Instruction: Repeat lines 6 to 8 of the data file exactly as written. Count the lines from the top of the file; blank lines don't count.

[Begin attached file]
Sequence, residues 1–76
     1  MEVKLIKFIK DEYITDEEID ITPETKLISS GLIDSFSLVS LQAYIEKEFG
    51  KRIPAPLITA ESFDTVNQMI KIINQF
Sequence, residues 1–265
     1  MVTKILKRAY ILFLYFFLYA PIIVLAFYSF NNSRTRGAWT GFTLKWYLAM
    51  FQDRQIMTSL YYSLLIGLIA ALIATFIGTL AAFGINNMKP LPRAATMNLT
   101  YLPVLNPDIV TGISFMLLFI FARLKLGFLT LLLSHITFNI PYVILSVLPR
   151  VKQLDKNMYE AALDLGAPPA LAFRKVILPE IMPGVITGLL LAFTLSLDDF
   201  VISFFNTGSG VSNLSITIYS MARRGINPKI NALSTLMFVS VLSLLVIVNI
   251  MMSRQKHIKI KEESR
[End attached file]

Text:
    51  FQDRQIMTSL YYSLLIGLIA ALIATFIGTL AAFGINNMKP LPRAATMNLT
   101  YLPVLNPDIV TGISFMLLFI FARLKLGFLT LLLSHITFNI PYVILSVLPR
   151  VKQLDKNMYE AALDLGAPPA LAFRKVILPE IMPGVITGLL LAFTLSLDDF